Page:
Internet Payments

Secure & Reliable

Your data is encrypted and secure with us.
Godaddyseal image
VeraSafe Security Seal

Lethbridge Herald Newspaper Archives

- Page 42

Join us for 7 days to view your results

Enter your details to get started

or Login

What will you discover?

  • 108,666,265 Obituaries
  • 86,129,063 Archives
  • Birth & Marriages
  • Arrests & legal notices
  • And so much more
Issue Date:
Pages Available: 64

Search All United States newspapers

Research your ancestors and family tree, historical events, famous people and so much more!

Browse U.S. Newspaper Archives

googlemap

Select the state you are looking for from the map or the list below

OCR Text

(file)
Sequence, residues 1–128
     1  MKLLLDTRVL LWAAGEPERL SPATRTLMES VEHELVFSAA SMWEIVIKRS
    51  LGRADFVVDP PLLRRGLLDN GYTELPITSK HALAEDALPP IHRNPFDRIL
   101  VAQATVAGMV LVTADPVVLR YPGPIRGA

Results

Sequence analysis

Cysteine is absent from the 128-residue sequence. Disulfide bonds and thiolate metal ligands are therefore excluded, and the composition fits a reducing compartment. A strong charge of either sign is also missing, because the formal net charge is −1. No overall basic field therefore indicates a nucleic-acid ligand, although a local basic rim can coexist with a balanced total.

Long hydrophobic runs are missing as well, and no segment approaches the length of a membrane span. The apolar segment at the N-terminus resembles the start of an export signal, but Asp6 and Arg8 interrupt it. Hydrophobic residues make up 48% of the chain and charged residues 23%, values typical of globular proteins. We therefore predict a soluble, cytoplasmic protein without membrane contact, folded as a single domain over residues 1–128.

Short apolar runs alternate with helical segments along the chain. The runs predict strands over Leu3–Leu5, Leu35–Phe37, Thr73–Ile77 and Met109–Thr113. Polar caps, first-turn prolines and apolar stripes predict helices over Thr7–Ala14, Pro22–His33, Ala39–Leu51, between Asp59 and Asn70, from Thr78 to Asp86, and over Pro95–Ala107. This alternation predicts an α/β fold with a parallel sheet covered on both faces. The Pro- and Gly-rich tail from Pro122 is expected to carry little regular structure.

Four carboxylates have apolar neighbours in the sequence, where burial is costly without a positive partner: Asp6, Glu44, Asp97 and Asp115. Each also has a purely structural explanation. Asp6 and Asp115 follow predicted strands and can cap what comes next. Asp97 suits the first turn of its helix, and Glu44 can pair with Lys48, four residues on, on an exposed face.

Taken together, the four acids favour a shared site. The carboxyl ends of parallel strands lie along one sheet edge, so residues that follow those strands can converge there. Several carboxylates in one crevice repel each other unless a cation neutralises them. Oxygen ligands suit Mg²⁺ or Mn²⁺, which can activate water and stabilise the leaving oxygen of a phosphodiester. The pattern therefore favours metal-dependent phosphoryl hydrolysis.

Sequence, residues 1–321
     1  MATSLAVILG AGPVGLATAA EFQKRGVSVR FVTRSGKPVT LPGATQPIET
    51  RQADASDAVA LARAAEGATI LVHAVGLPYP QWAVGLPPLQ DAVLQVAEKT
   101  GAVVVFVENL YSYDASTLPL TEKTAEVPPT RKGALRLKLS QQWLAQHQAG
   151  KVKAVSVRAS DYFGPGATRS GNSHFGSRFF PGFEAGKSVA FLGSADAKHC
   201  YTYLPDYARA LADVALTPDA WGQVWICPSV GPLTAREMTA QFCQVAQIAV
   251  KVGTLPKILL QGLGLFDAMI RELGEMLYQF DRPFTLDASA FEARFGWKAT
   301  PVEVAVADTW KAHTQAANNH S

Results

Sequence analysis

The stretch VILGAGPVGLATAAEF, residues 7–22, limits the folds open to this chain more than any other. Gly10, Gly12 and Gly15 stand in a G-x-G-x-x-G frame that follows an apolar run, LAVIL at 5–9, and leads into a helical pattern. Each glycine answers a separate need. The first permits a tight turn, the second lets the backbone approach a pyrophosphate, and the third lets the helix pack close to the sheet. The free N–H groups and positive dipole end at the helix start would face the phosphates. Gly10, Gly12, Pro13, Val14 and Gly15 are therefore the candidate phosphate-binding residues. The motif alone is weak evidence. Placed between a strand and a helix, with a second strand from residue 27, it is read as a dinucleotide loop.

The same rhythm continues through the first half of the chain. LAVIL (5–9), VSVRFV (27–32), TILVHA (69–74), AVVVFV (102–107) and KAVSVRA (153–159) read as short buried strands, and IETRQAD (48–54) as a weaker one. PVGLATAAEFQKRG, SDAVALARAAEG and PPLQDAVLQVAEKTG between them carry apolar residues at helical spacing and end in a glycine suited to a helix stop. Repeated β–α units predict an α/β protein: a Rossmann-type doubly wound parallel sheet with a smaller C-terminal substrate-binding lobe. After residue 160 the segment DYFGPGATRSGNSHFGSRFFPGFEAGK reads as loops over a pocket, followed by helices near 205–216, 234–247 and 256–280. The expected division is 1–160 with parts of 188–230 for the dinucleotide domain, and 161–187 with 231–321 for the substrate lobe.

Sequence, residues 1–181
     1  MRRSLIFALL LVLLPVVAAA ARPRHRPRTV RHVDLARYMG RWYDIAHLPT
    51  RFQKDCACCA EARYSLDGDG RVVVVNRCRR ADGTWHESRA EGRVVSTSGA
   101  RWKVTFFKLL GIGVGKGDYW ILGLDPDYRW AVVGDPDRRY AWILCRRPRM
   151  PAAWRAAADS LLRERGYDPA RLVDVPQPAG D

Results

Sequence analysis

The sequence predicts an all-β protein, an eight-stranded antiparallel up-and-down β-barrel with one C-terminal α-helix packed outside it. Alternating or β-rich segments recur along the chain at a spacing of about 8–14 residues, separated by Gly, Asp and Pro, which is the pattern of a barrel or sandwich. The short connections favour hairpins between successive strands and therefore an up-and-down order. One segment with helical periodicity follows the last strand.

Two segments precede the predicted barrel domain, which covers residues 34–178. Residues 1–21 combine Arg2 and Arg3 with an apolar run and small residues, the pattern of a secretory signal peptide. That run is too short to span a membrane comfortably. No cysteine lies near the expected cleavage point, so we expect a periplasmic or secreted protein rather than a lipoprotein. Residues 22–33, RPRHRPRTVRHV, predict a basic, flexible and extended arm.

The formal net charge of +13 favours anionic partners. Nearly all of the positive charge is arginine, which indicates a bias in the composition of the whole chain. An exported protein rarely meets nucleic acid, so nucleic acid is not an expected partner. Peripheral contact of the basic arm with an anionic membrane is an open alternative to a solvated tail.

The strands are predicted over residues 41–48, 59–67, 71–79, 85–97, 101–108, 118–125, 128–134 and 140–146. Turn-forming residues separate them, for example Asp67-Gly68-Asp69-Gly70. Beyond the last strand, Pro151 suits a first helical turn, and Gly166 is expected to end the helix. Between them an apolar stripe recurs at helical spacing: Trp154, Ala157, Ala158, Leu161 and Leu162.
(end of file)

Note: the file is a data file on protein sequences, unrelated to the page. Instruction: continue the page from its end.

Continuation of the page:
Lethbridge Herald, The (Newspaper) - May 15, 1974, Lethbridge, Alberta 14-THE LETHBRIDQE HERALD May 1974 Rancher-settler conflict was vicious but range war didn't erupt By MICHAEL ROGERS Herald Staff Writer The Northwest Mounted Police might have been disbanded 90 years ago had not a new problem begun to plague the a conference dealing with the history of the force was told Tuesday. The NWMP had solved the problems in -the West that prompted its establishment the wild lawless whisky traders and hostile Indians and there was talk in Ottawa there was no longer any need for the force. Its job was done. But the rapid growth of the cattle industry in the with threats of cattle rustling and smuggling cattle across the gave the NWMP the task of protecting the ranchers. Prof. D. H. of the University of British told the conference at the University of Lethbridge. arrival of the police from the East at the time the ranchers were approaching from the United States proved to be of critical importance in determining the manner in which the industry would develop on the Canadian side of the He said the presence of the police accelerated the northward thrust of the cttle industry and brought ranchers into the territory faster than if the region had been left without law enforcement. The he provided the two essentials that the development of a stock raising industry required a market and security. was particularly the nature of the security provided by the that was of far reaching importance in the evolving character of the Canadian cattle Prof. Breen said. The professor said cattle represented almost all the ranchers investment and they needed protection on a day-to- day basis. The industry grew rapidly and one thing that contributed to the growth was the three- year enlistment contracts of the police. of those taking their discharge had elected to remain in the foothill country and commence ranching the professor said. he as the industry grew more and more people came from Eastern Canada to invest in the cattle industry. The newcomers weren't part of an advancing frontier 5 PIECE Porcelain Enamel Cast Iron COOKWARE Set consists 3 qt. Saucepan 1V2 qt. Dutch Oven with covers Skillet with long wooden handle Special 34 95 Call Houwwares 327-5767 Downtown that had moved slowly instead they were representatives of the metropolitan culture of the East. because of the relationship between the police and ranchers there was a degree of stability in the Canadian West that was not characteristic of most frontier societies. cattlemen were lacking in the security and stability found in Canada so they formed stockmen's associations and frequently interpreted and administered the law as they saw Prof. Breen said. He said cattlemen's associations were formed in Canada but from the outset their activities were more prescribed. an effective and efficient federal police force at hand to enforce criminal justice and protect the rights of rangers were confined to the role of petitioners and lobbyists in defending the interests of their the professor said. While the cattlemen relied heavily upon the force to provide a day-to-day protective security for their herds -and also upon the police to lend their support for desired they also called on the NWMP to assist in an even more vital dimension of their industry's defence. x struggle between rancher and the as he was uncharitably known to the began in the mid-80s with the stockmen solidly entrenched behind legal barricades and firmly in control of the grazing Prof. Breen said. He said the task of assisting the cattlemen in their resistance to settling farmers was the most difficult one faced by the police in their lone and close association with the ranching community. While the American rangers were involved from time to time in range this situation only came close to developing in Canada. Canadian Prof. Breen were determined to protect their holdings and many farmers refused to be driven off their land. he when they came found most of the good land to be in the hands of the ranchers who had leased the property from the federal government for grazing. Many settlers were apparently illegally using ranchers' land and were evicted as a job that unfortunately fell on the shoulders of the the professor said. 1886 it was apparent to the federal government the growing clamor against the lease system required some accommodation. department of the interior cancelled a number of the unstocked speculative leases in the Calgary area and announced that leases granted in the future would not contain the no-settlement he said. But he said since the new lease policy left the original leases in force wherever legitimate ranching operations were under the cancellation of a few holdings brought only brief tranquility to the Canadian range. Prof. Breen said for the next five years the Bow River Valley remained in a state of constant turmoil and the department of the interior received threats and counterthreats from ranchers and settlers. settlers were faced with the threat of legal action and they knew their claims could not be sustained in court so they said they would stand by each other and defend themselves with their he said. It was not long before the federal government realized that even the restrictive lease system had become politically untenable. Prof. Breen said in 1891 Ottawa announced that ail of the old closed leases would be terminated in four years and in the interval the cattlemen would have the opportunity to select and purchase one-tenth of their former lease-holds. But this didn't seem to help matters as the cattlemen were able to negotiate a system of public water reserves throughout the grazing country from which settlements would be restricted. in the department of the interior were along with the that the region was too dry to warrant encouraging farm Prof. Breen said. He said the next rash of squatter evictions were from water reservations rather outside The group od students and their Bruce from Hamilton Junior High who have become authorities on the trek that brought the North- west Mounted Police west 100 years have set up their caravan at the University of Lethbridge. Their display runs in conjunction with the conference at the university dealing with the history of the force. Conference delegates pause here to peruse the cara- van's some of which is being sold to finance further research by the students. Trustees rap ASTA seminars The Alberta School Trustees Association seems to hold seminars for the sake of holding a public school trustee claimed Tuesday. During discussion on whether the school board CtrtHtad Dental Mechanic CUFF BLACK DENTAL LAB MEDICAL DENTAL BIN. PHONE 327-2132 should send representatives to the ASTA 30th annual school business short course and trustees seminar in Banff June 6 to Doug Card told trustees the speakers at such seminars often get at the subject The trustees agreed to send Trustee Carl Johnson to the seminar on the condition that he report back on the value of the seminar so they can express their concerns to the SERVICE LTD. REGULAR EVENING AUCTION it the WAREHOUSE 1920 2nd Avenue South May 16th Tims Cttft ftrtt Lovely walnut bedroom suite with double chest of drawers and complete bed with good box spring and 2 door apartment size dinette green leatherette complete Frigidaire Tappan counter propane 2 bar small chest of Moffat gas Coronado wringer brown 9 x 10 good selection of Pr. shower twin rinse Hoover washer-spin wash Pr. metal bi-fold counter doors and 4 portable electric record extension old box springs and arm gas and electric 2 pipe single pipe pipe bird cage and good 1 ton chain gas large pressure small metal typing golf cart and kids car portable sewing Yamaha 250cc Honda SOcc Philips color TV. 1952 FORD ft 1M1 OLDSMOBILE 1959 1057 1951 WILLYS JEEP WITH FORD VS. HURLBURT AUCTION SERVICE LTD. PHONE 326-470S 11202nd AVE. S. LETHBRIDQE TEDNEWBY AUCTIONEERS KEITH EHRMANN LIC.0102M-41 Lie. 01211I-4M MIKE HANZEL wmr For Evtry Pair 371-7th Street South BERGMAN'S Floor Coverings SALES AND INSTALLATIONS By DON BEHUMAN Open Thursday Evening till 9 p.m. PHONE 326-0372 2716 12th S. ASTA about its if the Banff seminar falls into the category of worthlessness as outlined by Mr. Card. The public school board agreed Tuesday to spend about a year over the next five years for an annual appraisal of the value of its school buildings and their contents. The inflationary increases of replacement cost values of the buildings and contents were cited as the reason for the annual revision. Replacement cost values of Lethbridge public schools and contents increased by million over listed values of a year ago. A proposal that outlines the needs and the ways and means of providing diagnostic and assessment procedures to students who have learning difficulties received the verbal support in April of most superintendents in Southwestern the school board was informed Tuesday. The public school board in December initiated the formation of proposal and the consultation with school districts in the areas surrounding Lethbridge in an effort to establish adequate programs and the proper placement of students who have learning difficulties. The superintendents will meet again to discuss the proposal and explore possible government support that might be available for such a program. No definite action on the implementation of such a program is expected before the next school year is in the trustees were informed. The final public school board meeting of the 1973-74 school year will be held on June 4 instead of May the regularly scheduled date for the meeting. Trustees decided to change the date because it conflicts with a meeting of the Canadian School Trustees Association. Gov't draws bead on skunks Now is the time to consider AIR CONDITIONING from your 'Air Conditioning Centre of the South' CHARLTON t HILL LTD. 1262- 2nd Avt. South Phont 328-3388 The province has started a search for skunks in the Burdett Grassy Lake Bow Island area to check the SMILEY'S PLUMBING BATHROOMS REMODELLING Ptww 3M-2176 ART DIETRICH DENTURE CLINIC DENTAL MECHANIC SchmrtilUc.222SttiSt.S. Phont 328-4095 spread of rabies. skunks diagnosed rabid were found in the area in April. A skunk depopulation program carried out in the Grassy Lake region turned up 12 all diagnosed free of rabies. Ross fieldman for the plant industry division of the Alberta department of agriculture in said one man has been assigned to make spot checks of skunks during this week. Any skunks trapped will be killed and sent to the federal Animal Diseases Research Institute in Lethbridge to be checked for rabies. than from the closed leases. The bitterness in some quarters between rangers and would-be settlers was perpetuated. The professor said the campaign against squatters came to a halt in 1896. The new Liberal government of Wilfred Laurier was more disposed to the farm interests. even though Clifford the first Liberal minister of the was not disposed to countenance a policy of restricted he was prepared to recognize what his department had long deemed to be' the grazing country's distinct qualities. was prepared to maintain a somewhat reduced system of water reservations to sustain the cattle Prof. Breen said. He said Siftons' successor in Frank an MP from had no sympathy for the special region argument. ''He had long viewed the cattlemen as a landed and reactionary establishment standing in the way of settlement and progress. Within months of his taking office the first lot of former water reservations were up for he said. Prof. Breen said Oliver's appointment symbolized the fact the farmer had risen in the southwest by 1905 and the once dominant cattlemen were now in retreat. one sees repeated in the Canadian range country that familiar struggle earlier waged between rancher and farmer in the American West. there is one obvious difference. Though the contest was at times vicious and on occasion even violence and range war did not erupt in the Canadian Early Alberta police outposts being studied A project to gather historical information on Northwest Mounted Police outposts in Alberta has reached the half-way a conference at the University of Lethbridge on the Mounted Police was told Tuesday. The under the Alberta RCMP Century Celebrations Committee and funded by the is being conducted by Prof. Brian Colin Poole and Ian all from the University of Calgary. Mr. Poole said the project has three major to gather information on each to gain a data base as a reference source for future research and to decide from the information gathered which areas are in danger or destroyed and their historical value. areas that are in danger of being lost will be recommended for immediate Mr. Poole said. Mr. Poole said the project began last November with archival gathering pictures and documents. haven't had time yet to study all the data he said. The three men are the finding the outposts that were in use from 1874 to 1904 and studying the building construction and layout of the outposts. the time the project was initiated there were few recorded descriptions of NWMP outpost locations as far as we no detailed descriptions of the physical remains at any of the sites they he said. Mr. Poole said since many of the sites have been and still are being destroyed by relic various types of land development and by natural a comprehensive program of protection and preservation is needed. such a program most of the outposts will soon be he said. Mr. Poole said the study area was restricted to Southern Alberta with some research reaching as far north as Red Deer and the general location of ail 89 outposts has been found. this time it seems inappropriate to state any concluding remarks since the research for this project is only half finished but we hope when the work is completed it will establish a basis to determine both the historical and archaeological worth of the sites. a comprehensive program of preservation and excavation can be Mr. Poole said. Warner hotelman buys 5 lots for WARNER Walter Oakley of owner of the New Dayton Monday purchased five more 25-foot lots in the village for a total price of The Warner County council approved a bylaw authorizing the sale of lots at each. Mr. Oakley now owns nine two of which sold for each. These are across from the hotel and are used by the hotel manager for a residence site. Coun. Leif Trockstad of New Dayton he doesn't like it he can come back and The councillor said the hotel owner recently installed a glass-washer and now requires additional land to install a septic tank field. Coun. Trockstad said Mr. Oakley would for any recommendation we recommend to so council decided to suggest the new hotel owner acquire another owned so he could make up a block. At the same time council agreed that if the Alberta Ammonia fertilizer plant is sited at lots at New Dayton could become much more valuable. workers come into a tremendous number of them will be down at New said Coun. Trockstad. Council agreed to offer three 50-foot lots to another prospective buyer for a total price of The man offered each for the lots but council's consensus was that the offer was too low. Coun. Trockstad will negotiate further. Coal seekers vow to pay for damage WARNER CanPac Minerals of Lethbridge Tuesday agreed to accept the responsibility for any damage that might be caused to lands in the Warner County when the firm explores for coal this summer. The county council Tuesday learned Canpac plans to drill test holes for coal in townships three and four in range south of the Ridge Reservoir. The company plans to drill the test holes in late July. Health unit salaries worry councillor WARNER sure sets an awful strong said Coun. Ed Pittman Tuesday when the Warner County was informed of salary increases granted employees of the County of Warner Health Unit. Salaries were increased effective April 1 as Dorothy Hirsche. increase to Cathleen increase to Ann increase to Julia to and D. M. to Minutes of the Warner unit board meeting was moved by Terry Michaelis that the two nurses be paid in accordance with the Lethbridge Health Unit schedule and that the steno technicians and the secretary be granted an 11-per-cent Coun. Murray Holt's motion to the health unit board that grant the nurses and the steno technicians four weeks holidays with pay after five years of was also approved by the unit board. He told the county council health officer D. A. A. Byrne recommended the Warner unit follow the Lethbridge pattern. JethbjUdae FOX DENTUREtLINIC Est. 1922 PHONE 327-6S85 E. S. P. FOX. C.D.M. FOX LETHBRINE DENTAL LAB 204 MEDICAL DENTAL BLDQ. FURRIERS Fur Coat Storage Time The Lethbridge Furriers PHONE 327-2209 Hurry While We Still Have A Very Good Selection 1-doz. only MARQUIS FLOWER SHOP 4th A vt. and 7th St. S. Phont 327-1515 ;